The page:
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Te Aupōuri

Te Aupōuri are one of the five iwi of Muriwhenua, also known as Te Hiku o te Ika a Māui, the Far North of Aotearoa. The people of Te Aupōuri share a number of well known ancestors with wider Muriwhenua and from these ancestors descend two families from which Te Aupōuri as an independent iwi trace their descent. ⠀

Te Aupōuri were originally known as Ngāti Ruānui. They were closely related to Te Rarawa, particularly through the marriage of Waimirirangi to Kairewa. Their daughter, Haere-ki-te-rā, was the ancestor of the Ngāti Ruānui chiefs, Whēru and Te Ikanui. Another daughter, Pare, along with her husband Te Rēinga and brother Tamatea, were important early leaders for the predecessors of Te Rarawa. Ngāti Ruānui dominated the Whāngāpē and Herekino harbours. Over time they came into conflict with their relations Ngāti Te Rēinga, Ngāti Kairewa, Ngāti Manawa and Ngāti Te Aewa. These four tribes were emerging as a strong unified group out of settlements at Motutī, Whakarapa and Motukauri on the northern shores of Hokianga Harbour.⠀

The two groups fought several battles in the Whāngāpē and Herekino harbours, and at Ahipara and Hukatere along Te Oneroa-a-Tōhē. During one of these battles, Te Ikanui and Whēru were besieged in their pā at Pawarenga on the Whāngāpē Harbour. One night they burned their possessions in order to create a screen of smoke, and then escaped unseen across the harbour. From then on Ngāti Ruānui were known as Te Aupōuri, from ‘au’ (current) and ‘pōuri’ (smoke or ash).⠀
The iwi of Te Aupōuri have their primary turangawaewae at Te Kao at the southern end of the Pārengarenga Harbour, with Te Oneroa-a-Tōhē (Ninety Mile Beach) to the west and Tokerau (Great Exhibition Bay) to the east.

Iwi Chair

Peter-Lucas Jones

Peter-Lucas has tribal affiliations to Te Aupōuri, Ngāti Kahu, Te Rārawa, and Ngāi Takoto. He has a practical application of tikanga Māori and is a highly proficient speaker of te reo Māori. He is CEO of Te Hiku Media, the award-winning iwi broadcasting organisation and iwi innovation hub based in Kaitaia. He has led Te Hiku Media to create a suite of natural language processing (NLP) tools which enable the creation of new digital products and services that leverage te reo Māori speech recognition, speech to text system (audio transcription), text-to-speech (TTS), and other language tools.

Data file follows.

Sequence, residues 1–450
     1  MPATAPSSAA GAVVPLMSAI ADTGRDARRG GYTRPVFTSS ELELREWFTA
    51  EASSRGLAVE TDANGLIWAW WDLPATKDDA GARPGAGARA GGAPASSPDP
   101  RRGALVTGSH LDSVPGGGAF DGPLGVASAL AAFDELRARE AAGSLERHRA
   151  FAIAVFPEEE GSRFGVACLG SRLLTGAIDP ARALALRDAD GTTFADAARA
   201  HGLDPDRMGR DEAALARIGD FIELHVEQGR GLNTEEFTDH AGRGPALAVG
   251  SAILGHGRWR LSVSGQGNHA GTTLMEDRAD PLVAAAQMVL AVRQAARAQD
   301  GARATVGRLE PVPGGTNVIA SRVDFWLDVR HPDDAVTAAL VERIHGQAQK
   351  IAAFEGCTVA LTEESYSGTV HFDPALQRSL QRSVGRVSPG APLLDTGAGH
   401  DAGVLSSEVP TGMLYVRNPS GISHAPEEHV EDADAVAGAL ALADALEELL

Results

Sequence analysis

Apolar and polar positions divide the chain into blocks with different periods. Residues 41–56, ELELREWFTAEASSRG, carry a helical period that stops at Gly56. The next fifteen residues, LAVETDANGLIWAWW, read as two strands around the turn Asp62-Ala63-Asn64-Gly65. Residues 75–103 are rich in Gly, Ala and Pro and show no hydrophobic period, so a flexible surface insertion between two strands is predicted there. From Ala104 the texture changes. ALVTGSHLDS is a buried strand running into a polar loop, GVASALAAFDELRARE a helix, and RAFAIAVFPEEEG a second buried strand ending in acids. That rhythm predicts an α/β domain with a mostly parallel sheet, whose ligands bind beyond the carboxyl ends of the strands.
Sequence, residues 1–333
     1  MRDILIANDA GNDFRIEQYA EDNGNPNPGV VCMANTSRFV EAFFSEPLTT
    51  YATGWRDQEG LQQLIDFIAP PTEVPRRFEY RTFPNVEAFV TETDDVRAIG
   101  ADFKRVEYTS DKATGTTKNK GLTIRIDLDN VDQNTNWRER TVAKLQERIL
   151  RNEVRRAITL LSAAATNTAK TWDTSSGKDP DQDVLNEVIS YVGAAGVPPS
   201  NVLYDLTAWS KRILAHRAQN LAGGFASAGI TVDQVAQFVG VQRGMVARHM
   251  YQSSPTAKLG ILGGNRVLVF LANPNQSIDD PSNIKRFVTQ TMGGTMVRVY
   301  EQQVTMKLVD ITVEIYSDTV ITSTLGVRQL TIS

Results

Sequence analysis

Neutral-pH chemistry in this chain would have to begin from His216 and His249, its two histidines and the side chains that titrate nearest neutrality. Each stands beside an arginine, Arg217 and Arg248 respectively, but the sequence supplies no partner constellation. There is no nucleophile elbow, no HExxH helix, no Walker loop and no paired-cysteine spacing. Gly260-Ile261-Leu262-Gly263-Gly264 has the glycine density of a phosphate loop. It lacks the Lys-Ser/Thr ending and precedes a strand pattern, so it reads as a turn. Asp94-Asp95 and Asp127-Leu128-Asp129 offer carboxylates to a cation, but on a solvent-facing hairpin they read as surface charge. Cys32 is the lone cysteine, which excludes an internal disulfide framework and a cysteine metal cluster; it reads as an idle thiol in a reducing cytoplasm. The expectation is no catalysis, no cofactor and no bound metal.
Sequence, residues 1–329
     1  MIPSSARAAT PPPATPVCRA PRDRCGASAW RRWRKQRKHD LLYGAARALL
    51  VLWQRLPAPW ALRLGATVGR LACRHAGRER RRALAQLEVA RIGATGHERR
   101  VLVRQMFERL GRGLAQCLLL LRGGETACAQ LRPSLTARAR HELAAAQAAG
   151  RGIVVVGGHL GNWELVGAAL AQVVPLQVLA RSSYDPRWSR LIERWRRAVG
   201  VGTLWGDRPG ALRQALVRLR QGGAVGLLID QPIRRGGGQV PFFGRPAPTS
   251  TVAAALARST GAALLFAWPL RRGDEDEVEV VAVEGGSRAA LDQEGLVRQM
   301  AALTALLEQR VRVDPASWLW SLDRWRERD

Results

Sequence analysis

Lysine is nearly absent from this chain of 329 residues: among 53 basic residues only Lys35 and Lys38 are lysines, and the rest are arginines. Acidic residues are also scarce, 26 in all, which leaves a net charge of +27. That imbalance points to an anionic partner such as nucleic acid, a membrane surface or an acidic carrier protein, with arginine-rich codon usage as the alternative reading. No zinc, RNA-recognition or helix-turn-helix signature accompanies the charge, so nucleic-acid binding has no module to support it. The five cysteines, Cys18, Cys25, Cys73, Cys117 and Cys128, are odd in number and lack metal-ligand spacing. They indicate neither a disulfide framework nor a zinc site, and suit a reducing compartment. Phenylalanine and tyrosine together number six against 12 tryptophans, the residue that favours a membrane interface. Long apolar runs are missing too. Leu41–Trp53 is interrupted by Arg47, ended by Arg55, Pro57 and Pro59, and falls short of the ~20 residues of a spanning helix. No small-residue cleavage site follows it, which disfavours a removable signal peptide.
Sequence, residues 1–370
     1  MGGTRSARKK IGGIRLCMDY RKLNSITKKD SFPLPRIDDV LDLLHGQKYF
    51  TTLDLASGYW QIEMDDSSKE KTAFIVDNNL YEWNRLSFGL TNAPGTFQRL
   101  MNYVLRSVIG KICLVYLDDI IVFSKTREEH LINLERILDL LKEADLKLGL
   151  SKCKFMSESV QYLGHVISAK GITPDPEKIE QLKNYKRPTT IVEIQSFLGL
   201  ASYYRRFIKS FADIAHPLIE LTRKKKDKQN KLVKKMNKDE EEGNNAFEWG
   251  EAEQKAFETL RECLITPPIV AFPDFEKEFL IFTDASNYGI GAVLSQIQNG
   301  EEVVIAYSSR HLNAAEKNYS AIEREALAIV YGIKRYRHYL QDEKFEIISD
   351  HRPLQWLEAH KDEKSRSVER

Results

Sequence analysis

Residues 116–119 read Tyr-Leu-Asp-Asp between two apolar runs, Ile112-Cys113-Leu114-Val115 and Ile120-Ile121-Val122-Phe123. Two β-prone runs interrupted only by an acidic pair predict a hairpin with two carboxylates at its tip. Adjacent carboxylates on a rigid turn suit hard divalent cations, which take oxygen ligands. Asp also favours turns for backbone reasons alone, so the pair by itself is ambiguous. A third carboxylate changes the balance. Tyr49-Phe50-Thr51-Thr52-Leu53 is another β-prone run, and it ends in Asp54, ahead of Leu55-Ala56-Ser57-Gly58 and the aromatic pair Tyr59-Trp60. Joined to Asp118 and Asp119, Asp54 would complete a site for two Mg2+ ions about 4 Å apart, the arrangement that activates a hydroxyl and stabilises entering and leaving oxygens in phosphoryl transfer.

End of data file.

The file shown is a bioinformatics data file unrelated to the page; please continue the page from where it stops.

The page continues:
The system represents the first time that automatic digital transcriptions have ever been available for te reo Māori, opening up a range of applications, from the transcription of archival audio recordings to the development of speech interfaces for computers. The speech to text system operates with a 10% error rate and the TTS (voice synthesis) algorithm is also a first for te reo Māori.

Peter-Lucas has a keen interest in data and ethics and led Te Hiku Media to develop the largest labelled and tagged Māori language corpus specifically created for Māori language NLP. He informed the development of the Kaitiakitanga Data Licence that Te Hiku Media use in strategic tech partnerships.

While recognising the importance of open source technology, Peter-Lucas is mindful that the majority of Tangata Whenua and other indigenous peoples may not have access to the resources that enable benefit from open source technologies. He understands Aotearoa’s marae and Māori communities and how many marae are at a digital disadvantage due to isolation. As a leader in iwi broadcasting, Peter-Lucas understands issues of digital exclusion and solutions associated with digital inclusion. When implementing digital inclusion strategies, he believes that both supply (infrastructure) and demand (digital literacy levels, environmental, training needs, ageing haukāinga marae population, rangatahi needs and socio-demographics) factors must be considered.

The proliferation of te reo Māori and Mātauranga Māori through content creation and distribution is key experience Peter-Lucas brings to the board. Through working closely with native speakers of te reo Māori, in the rohe of Te Hiku, Peter-Lucas has led the development of an iwi focussed digital platform for Māori language content management and live video streaming rangatahi events and haukāinga events in Te Taitokerau. Providing access to high-quality examples of te reo o ngā haukāinga o Te Hiku o Te Ika through regional broadcasting provides learners and second-language speakers the opportunity to model correct pronunciation, increase vocab comprehension and use, correct word-order and correct intonation of te reo Māori.

Peter-Lucas is also Chair of Te Whakaruruhau o Ngā Reo Irirangi Māori (The National Iwi Radio Network), the society whose objective is the advancement of Māori radio communication, development and operations. The Māori radio network consists of 20 iwi radio stations that serve the Māori population.

Peter-Lucas is also a board member of Te Punaha Matatini which is a Centre of Research Excellence hosted by the University of Auckland. Te Pūnaha Matatini is a novel and exciting collaboration that brings together experts from the academic research community, industry, and government to develop the methods and tools that transform data into knowledge, providing insight for businesses, government, and communities.

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